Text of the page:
Intention deficit disorder

He came in to discuss testing because he wanted medications as treatment for adult attention deficit disorder (ADD). 

George has been my patient since I first met him in the new born nursery 26 years ago. Married with two pre-school children, he has worked doing computer graphics in a local family owned print shop. I see the rest of the family (including his children, wife and parents) regularly, but he has been in only sporadically for acute visits and several physicals. He is on no medications and his problem list only mentions an appendectomy and a family history of diabetes.

“So, George, my nurse tells me you are concerned you may have ADD and wonder if medication would help. What can you tell me about what’s been going on?”

It seemed that George’s wife had been complaining that he was not ‘doing his share’ around the house. For example, he was supposed to clean up and organize the attic over the winter. He purchased some shelves and plastic bins and spent an afternoon cleaning up and took a pickup load to the dump, but since then had only spent a couple hours and the project had remained unfinished for several months. He volunteers to do errands, but then either doesn’t follow through, or goes shopping but purchases the wrong brands or sizes, or only some of what is on the list. When he is supposed to bring the kids places, he always seems to be late and forget some key pieces, like their snacks or extra diapers. At work he noted that he sometimes forgets to check and refill the ink cartridges before a print run and rarely remembers to do paper inventory at the end of the week.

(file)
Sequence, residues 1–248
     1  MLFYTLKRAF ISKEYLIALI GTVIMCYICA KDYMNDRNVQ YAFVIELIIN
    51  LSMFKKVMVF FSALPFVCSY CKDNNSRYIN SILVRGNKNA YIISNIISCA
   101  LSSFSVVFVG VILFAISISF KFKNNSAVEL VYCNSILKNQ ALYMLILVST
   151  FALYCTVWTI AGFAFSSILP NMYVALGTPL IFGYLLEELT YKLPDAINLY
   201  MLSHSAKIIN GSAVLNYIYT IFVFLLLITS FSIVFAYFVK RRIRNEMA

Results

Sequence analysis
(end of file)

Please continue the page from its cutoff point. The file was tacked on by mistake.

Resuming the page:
A friend he bowls with said this sounded like his son’s ADD, which had responded well toAdderall. George had gone on line and read the book Driven to Distraction (lent to him by his bowling buddy) and had decided that “I pretty much am the person they describe.”  Specifically, he noted that he was disorganized, tended to procrastinate, preferred watching TV to doing chores, got frustrated easily, was down on himself for being unproductive, and wanted to be more like his wife ‘who can go shopping without a grocery list and remember everything.’

Some probing revealed that he can work for hours without problems on his pickup truck, that he is never late for his bowling events, and never forgets any of his bowling equipment. His appetite and sleep patterns were normal. He was not a smoker and did not use alcohol or drugs. Looking back in his chart with him, we noted that he was a B student all the way through school, and had done fine with sports (hockey and baseball).

As we sat and reviewed this, I pointed out that problems with impulsivity or distractibility impairing attention or focus were notably absent from his list of symptoms, making the diagnosis of ADD quite improbable. I suggested gently that this was more consistent with intention deficit disorder than attention deficit disorder, that it was most likely related to a combination of problems with motivation and organizational skills, and that medication was very unlikely to be useful. I offered him two approaches to consider:

  • See a psychologist to do some more formal neuropsychological testing to look at cognitive strengths and weaknesses and help him develop coping skills.
  • Hire a ‘life coach’ to help him with motivation and organization.

After some negotiation with his insurance company, he had formal neuropsychological testing which showed him to be of above average intelligence and with normal cognitive and processing skills, but with a tendency to externalize responsibility. The psych evaluation suggested some structural changes: working with his wife and work supervisor to make prioritized lists for the week, structuring his work day to make repetitive tasks more automatic, and - at the top of the list - get a life coach for ongoing support.

Last I heard, he and his wife were meeting with his life coach every 3 weeks and things were going well.

 



 

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